Share This Page

Number powerless finally dips below 1 million

| Tuesday, Nov. 6, 2012, 8:54 p.m.

NEW YORK — Homes and businesses along the East Coast continued to face power outages on Tuesday caused by damage from Sandy, but the number of outages had dropped below 1 million for the first time since the storm hit more than a week ago.

Sandy's wind and storm surge toppled power lines and flooded areas that held generating equipment, knocking power out to more than 8 million at its peak.

About 930,000 homes and businesses remained without power as of Tuesday afternoon, the Department of Energy said in a report.

Nearly 350,000 customers in New York had no power as of 2 p.m. on Tuesday, government data showed, after peak outages of 2 million.

New Jersey remained the hardest-hit state, with more than a half million homes and businesses with no power, down from a peak of 2.6 million.

Public Service Enterprise Group Inc, the largest electric utility by customer base in New Jersey, said on Tuesday that 226,900 customers remained without power, down from a peak of 1.7 million. The company expects to have power restored to those customers by Friday, a spokeswoman said.

New York power company Consolidated Edison said it had 107,000 customers without electricity, out of 990,000 affected by the superstorm. About 20,000 of those customers cannot be reconnected to system until their electrical equipment is inspected, said John Miksad, senior vice president of electric operations for Con Ed.

TribLIVE commenting policy

You are solely responsible for your comments and by using TribLive.com you agree to our Terms of Service.

We moderate comments. Our goal is to provide substantive commentary for a general readership. By screening submissions, we provide a space where readers can share intelligent and informed commentary that enhances the quality of our news and information.

While most comments will be posted if they are on-topic and not abusive, moderating decisions are subjective. We will make them as carefully and consistently as we can. Because of the volume of reader comments, we cannot review individual moderation decisions with readers.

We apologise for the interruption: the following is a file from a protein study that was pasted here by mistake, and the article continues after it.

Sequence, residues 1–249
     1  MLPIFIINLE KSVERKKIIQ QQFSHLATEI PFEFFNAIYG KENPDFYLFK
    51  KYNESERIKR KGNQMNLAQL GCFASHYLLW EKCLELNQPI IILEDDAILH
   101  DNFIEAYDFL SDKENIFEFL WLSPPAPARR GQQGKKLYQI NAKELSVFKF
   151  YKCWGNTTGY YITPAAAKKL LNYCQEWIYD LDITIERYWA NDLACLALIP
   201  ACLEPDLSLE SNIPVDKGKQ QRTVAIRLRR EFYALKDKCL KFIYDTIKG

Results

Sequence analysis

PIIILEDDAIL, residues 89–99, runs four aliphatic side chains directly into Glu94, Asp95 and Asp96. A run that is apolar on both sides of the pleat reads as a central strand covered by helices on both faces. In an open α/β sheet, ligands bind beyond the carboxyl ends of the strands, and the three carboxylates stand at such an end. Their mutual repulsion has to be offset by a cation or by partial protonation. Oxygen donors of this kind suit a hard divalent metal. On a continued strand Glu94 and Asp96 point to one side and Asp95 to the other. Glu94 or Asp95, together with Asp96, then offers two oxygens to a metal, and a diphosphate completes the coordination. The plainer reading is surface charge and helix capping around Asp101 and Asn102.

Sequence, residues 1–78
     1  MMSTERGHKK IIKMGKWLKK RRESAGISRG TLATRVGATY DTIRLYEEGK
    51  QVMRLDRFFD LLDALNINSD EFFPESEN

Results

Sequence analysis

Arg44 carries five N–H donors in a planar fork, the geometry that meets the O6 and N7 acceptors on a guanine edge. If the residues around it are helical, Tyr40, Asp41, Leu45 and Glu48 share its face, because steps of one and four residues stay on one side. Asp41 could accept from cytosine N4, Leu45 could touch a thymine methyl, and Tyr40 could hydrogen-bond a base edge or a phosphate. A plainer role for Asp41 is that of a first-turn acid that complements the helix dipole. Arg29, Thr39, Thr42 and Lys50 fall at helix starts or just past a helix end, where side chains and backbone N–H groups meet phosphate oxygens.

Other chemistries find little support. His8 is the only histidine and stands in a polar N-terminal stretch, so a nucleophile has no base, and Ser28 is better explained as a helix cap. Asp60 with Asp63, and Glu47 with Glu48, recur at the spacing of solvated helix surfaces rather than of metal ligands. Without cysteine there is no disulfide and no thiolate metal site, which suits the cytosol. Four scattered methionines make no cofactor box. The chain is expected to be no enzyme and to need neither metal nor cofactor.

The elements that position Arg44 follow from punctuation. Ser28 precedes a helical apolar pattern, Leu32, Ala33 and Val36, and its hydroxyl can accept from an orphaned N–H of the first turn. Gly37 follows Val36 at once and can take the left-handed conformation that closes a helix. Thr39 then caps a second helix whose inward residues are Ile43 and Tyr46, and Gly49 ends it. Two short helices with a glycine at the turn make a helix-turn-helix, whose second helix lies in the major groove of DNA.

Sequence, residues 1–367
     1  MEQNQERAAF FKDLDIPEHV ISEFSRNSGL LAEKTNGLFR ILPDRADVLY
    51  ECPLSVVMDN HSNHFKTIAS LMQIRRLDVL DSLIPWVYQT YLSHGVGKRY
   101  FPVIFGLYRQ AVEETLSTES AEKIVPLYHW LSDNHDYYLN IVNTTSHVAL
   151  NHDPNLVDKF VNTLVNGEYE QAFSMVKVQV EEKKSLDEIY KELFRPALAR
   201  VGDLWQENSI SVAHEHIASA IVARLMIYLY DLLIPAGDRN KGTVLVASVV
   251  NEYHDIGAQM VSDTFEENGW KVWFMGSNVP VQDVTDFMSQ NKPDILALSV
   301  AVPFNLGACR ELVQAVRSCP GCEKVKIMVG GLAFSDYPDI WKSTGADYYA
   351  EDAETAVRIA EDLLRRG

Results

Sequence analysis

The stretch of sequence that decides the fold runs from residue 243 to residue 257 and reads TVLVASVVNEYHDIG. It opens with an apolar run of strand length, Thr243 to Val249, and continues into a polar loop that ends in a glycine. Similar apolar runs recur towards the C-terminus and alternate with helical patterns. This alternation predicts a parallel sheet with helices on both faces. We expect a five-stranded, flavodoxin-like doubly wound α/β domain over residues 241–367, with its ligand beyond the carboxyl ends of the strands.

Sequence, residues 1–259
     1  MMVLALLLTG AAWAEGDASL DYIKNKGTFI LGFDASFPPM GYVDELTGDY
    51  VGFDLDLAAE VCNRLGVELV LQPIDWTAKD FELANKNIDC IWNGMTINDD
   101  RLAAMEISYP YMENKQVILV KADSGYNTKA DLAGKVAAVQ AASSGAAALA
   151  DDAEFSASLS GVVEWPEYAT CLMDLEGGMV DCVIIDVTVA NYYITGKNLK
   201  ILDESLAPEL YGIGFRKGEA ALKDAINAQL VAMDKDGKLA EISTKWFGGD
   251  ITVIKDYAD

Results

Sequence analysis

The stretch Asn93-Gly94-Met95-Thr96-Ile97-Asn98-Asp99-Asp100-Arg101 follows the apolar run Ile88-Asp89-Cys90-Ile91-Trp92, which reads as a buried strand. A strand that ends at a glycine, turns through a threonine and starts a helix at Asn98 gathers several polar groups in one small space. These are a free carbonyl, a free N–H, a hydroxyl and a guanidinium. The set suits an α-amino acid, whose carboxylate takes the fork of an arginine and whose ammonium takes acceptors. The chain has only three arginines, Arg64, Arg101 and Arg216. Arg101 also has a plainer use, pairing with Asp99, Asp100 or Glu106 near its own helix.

We value thoughtful comments representing a range of views that make their point quickly and politely. We make an effort to protect discussions from repeated comments either by the same reader or different readers

We follow the same standards for taste as the daily newspaper. A few things we won't tolerate: personal attacks, obscenity, vulgarity, profanity (including expletives and letters followed by dashes), commercial promotion, impersonations, incoherence, proselytizing and SHOUTING. Don't include URLs to Web sites.

We do not edit comments. They are either approved or deleted. We reserve the right to edit a comment that is quoted or excerpted in an article. In this case, we may fix spelling and punctuation.

We welcome strong opinions and criticism of our work, but we don't want comments to become bogged down with discussions of our policies and we will moderate accordingly.

We appreciate it when readers and people quoted in articles or blog posts point out errors of fact or emphasis and will investigate all assertions. But these suggestions should be sent via e-mail. To avoid distracting other readers, we won't publish comments that suggest a correction. Instead, corrections will be made in a blog post or in an article.